Development of post-thrombotic syndrome (PTS) is increasingly being recognized as a complication of deep venous thrombosis (DVT) in children.
To determine the prevalence, clinical characteristics, and predictors of moderate to severe PTS in children.
A retrospective chart review was performed on those children who were followed in the coagulation clinic for objectively confirmed DVTs from December 2004 to December 2006. The scoring system used by Kuhle et al was used to grade the severity of PTS as: mild, moderate, and severe.
PTS developed in 20% (11/55; 95% confidence interval 9.4-30.1) of children, in which 8/11 were moderate and 3/11 were severe. Median interval between diagnosis of PTS and DVT was 90 days (range, 46 d to 3 y). The majority (72.7%) of patients in the non-PTS group received treatment intervention within 48 hours of diagnosis of DVT. Delay in treatment initiation (>48 h) and recurrence of DVT were associated with the development of PTS (P<0.05). Variables including occlusive thrombus, location and number of vessels involved with DVT, age at diagnosis, underlying thrombophilia, intensity of anticoagulation, and body mass index were not associated with the development of PTS. Other debilitating consequences of DVT requiring intervention included portal hypertension (n=2), chylothorax (n=1), and reflux sympathetic dystrophy (n=1). The small sample size and limited follow up restricted the statistical analysis.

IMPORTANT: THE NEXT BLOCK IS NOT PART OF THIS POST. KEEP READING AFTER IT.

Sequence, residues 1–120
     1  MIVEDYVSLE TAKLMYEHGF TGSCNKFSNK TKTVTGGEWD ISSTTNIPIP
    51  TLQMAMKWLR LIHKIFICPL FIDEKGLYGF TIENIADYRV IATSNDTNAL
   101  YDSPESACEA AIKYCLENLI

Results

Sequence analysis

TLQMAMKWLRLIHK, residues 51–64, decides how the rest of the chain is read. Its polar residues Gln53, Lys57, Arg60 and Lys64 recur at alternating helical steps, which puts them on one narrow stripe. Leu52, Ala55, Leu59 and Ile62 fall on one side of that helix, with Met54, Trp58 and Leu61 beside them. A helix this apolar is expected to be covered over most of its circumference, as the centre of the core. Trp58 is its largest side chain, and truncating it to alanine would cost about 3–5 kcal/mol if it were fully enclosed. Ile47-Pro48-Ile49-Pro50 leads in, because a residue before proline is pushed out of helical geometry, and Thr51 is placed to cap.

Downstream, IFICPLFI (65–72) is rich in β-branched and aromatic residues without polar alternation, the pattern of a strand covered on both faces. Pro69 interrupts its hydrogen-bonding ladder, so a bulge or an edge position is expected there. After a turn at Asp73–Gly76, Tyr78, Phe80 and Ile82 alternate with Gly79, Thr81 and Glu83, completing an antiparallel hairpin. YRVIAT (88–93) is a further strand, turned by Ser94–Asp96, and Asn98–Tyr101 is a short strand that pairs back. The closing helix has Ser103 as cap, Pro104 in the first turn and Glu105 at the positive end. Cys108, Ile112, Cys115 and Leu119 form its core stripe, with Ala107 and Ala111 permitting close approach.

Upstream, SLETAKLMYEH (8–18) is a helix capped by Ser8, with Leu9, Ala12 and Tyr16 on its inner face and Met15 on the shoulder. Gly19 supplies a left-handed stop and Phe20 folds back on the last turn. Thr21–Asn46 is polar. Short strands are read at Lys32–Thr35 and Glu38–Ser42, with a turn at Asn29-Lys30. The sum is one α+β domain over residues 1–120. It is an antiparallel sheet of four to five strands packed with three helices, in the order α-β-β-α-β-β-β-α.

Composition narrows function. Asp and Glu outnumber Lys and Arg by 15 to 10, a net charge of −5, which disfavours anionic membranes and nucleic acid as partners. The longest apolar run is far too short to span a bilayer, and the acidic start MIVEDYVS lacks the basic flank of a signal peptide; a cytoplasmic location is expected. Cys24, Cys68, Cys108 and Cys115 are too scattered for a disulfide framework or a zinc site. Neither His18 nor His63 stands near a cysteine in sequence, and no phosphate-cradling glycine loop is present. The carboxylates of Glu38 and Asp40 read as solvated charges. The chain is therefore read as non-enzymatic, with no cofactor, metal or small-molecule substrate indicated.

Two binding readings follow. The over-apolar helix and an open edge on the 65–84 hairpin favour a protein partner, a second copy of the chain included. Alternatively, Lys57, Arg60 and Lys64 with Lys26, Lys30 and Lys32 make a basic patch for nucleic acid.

PTS is a significant problem in children with symptomatic DVTs. Early treatment intervention within the first 48 hours of diagnosis of DVT and prevention of thrombosis recurrence may prevent development of PTS. Although PTS refers to consequences of intravenous hypertension owing to extremity DVTs, sequlae of nonextremity DVTs require special consideration in pediatric PTS classification.
*Indiana Hemophilia and Thrombosis Center, Indianapolis, IN
†Department of Pediatrics and Communicable Diseases, University of Michigan, Ann Arbor, MI
Reprints: Anjali Alatkar Sharathkumar, MD, Indiana Hemophilia and Thrombosis Center, 8402 Harcourt Road/Suite 500, Indianapolis, IN 46260 (e-mail: firstname.lastname@example.org).
Received for publication July 3, 2007; accepted November 6, 2007